There are many costs involved with having a high staff turnover, from the loss of knowledge that occurs when workers walk out the door, to the financial costs involved in finding replacements, and the time it takes to train them up. As such, it is incredibly important for all organizations to have a focus on boosting retention levels.
While there are many different ways to do this, including recognizing and rewarding workers, creating a positive culture, providing employee perks and the like, one great way that not enough managers focus on is helping people to grow and reach their potential.
Keep in mind that team members who do not feel challenged any longer, or who haven’t been able to enjoy a promotion or added responsibility over the years, will soon start looking for another role. To help your workers get to where they want to be then, and increase your retention levels at the same time, you must continually think about their progression. Read on for some tips you can follow today.
Create Personalized Development Plans for Workers
For starters, it is a good idea to create a personalized development plan for each worker. This should be addressed at least once every year or, if possible, every quarter for more regularity. During a performance review and/or planning session, you or other leaders within the business can sit down with employees to discuss how they might want to progress within the company; how they want to develop new knowledge or skills; and what their goals are for the upcoming period and over the longer term.
Once there are specific plans in place, staff members and their managers can work together to continually find ways for them to take part in internal or external training, get involved in additional projects and otherwise learn and grow. Setting some structure around this process helps leaders to be very clear about how workers want to move up through the ranks in the company and/or industry over time, and gives employees more motivation to keep striving as well.
Pay for Continuing Education and Training
A particularly good way to help employees grow is to pay (either through partially subsidizing or wholly funding) for workers to enroll in continuing education courses or to attend specialized training. While you might not initially be keen to spend money on this type of thing, keep in mind that when you invest in a person’s development, you are helping them to become your future leaders and innovators.
If you really don’t have the funds to spend on education and training though, at least give team members time off to learn on a regular basis. As well, remember that in-house training (conducted by yourself, other leaders, or even workers who are excellent at a particular skill or who have extensive knowledge on a topic), doesn’t cost you anything but time and focus in the workplace, and can be a fantastic developmental tool.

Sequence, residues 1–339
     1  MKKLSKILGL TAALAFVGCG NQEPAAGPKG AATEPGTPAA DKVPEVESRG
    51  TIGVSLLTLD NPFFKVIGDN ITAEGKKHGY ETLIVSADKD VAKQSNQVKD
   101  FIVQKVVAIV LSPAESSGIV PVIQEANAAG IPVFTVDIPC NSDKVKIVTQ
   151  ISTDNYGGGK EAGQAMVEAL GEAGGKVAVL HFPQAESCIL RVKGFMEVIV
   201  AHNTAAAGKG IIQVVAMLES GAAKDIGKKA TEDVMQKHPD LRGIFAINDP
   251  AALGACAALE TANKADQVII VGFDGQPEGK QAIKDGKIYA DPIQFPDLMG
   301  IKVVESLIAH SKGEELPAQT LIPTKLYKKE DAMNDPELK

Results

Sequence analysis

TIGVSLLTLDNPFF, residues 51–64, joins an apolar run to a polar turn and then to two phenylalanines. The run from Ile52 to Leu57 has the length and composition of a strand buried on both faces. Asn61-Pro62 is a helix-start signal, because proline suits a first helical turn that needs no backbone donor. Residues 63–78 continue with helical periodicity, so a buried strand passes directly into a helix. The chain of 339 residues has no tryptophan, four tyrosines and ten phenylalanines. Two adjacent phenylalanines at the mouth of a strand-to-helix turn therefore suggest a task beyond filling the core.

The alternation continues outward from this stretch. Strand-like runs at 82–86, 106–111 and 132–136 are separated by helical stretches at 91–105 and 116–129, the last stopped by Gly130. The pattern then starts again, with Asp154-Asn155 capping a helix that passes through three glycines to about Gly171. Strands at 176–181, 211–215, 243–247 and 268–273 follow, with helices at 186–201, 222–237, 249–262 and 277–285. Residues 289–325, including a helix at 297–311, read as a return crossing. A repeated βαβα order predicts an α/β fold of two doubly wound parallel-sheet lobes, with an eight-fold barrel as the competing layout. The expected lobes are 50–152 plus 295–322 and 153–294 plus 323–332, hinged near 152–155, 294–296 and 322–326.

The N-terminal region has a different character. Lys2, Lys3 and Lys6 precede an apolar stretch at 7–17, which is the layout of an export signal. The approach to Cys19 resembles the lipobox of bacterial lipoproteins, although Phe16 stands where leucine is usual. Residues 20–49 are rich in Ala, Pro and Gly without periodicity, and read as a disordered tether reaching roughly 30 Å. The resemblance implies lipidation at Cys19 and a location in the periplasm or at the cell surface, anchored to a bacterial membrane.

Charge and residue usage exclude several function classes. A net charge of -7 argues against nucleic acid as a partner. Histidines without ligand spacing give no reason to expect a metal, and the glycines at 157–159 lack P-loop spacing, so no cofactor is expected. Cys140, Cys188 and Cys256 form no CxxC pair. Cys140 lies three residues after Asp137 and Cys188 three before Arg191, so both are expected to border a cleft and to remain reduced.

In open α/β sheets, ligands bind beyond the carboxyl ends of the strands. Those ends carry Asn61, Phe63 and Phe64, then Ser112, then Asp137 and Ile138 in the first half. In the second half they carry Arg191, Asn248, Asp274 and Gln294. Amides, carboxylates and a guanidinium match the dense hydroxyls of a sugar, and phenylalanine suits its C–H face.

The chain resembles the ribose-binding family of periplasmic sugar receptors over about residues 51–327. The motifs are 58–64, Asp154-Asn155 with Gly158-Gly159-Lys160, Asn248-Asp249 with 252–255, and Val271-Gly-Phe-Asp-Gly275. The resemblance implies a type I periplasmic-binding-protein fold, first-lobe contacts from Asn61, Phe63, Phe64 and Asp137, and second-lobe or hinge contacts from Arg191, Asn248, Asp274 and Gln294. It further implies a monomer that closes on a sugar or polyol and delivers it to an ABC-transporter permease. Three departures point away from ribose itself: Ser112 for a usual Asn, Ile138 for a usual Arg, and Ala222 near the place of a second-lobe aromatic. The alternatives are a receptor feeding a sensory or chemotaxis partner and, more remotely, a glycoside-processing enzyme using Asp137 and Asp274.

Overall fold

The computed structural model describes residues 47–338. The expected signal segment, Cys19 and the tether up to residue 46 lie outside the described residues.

There are many different types of educational platforms which work well in helping employees to grow. You might want to offer or encourage workers to participate in a number of them. For example, there are continuing education courses (short and long), degrees, certificates, and diplomas earned through online and on-campus facilities; inspirational and/or educational speakers; outsourced training programs; workshops; and coaching. It is also very beneficial for staff members to attend networking and industry events on a regular basis.
Provide Employees With the Opportunity to Work in New Areas
If you want your workforce to keep developing, be engaged and motivated, and loyal to your firm, it also pays to provide them with opportunities to work in areas within the business that are outside of their typical job function. This can be through either short or long-term placements, and/or through pairing them with mentors at higher levels of the organization.
To really develop an employee for a larger role and for the long term, they must know about more than their particular role or department within the company. Although many businesses keep workers compartmentalized these days so that everyone is concentrating on what they already know, this doesn’t help either the employees or the organization.
Once people have the chance to take on new responsibilities outside of their day-to-day job function, and get the opportunity to understand how all aspects of a venture work, they can quickly expand their skill sets and knowledge base; get better at thinking on their feet; and become more invested in the business as a whole.
For the organization, this means not only more committed workers who can be relied upon to help out in any areas wherever needed, but also a higher chance that the cross-training will lead to increased problem solving, new ideas, and a more positive corporate culture. People with comprehensive knowledge and understanding of the business will also make better leaders.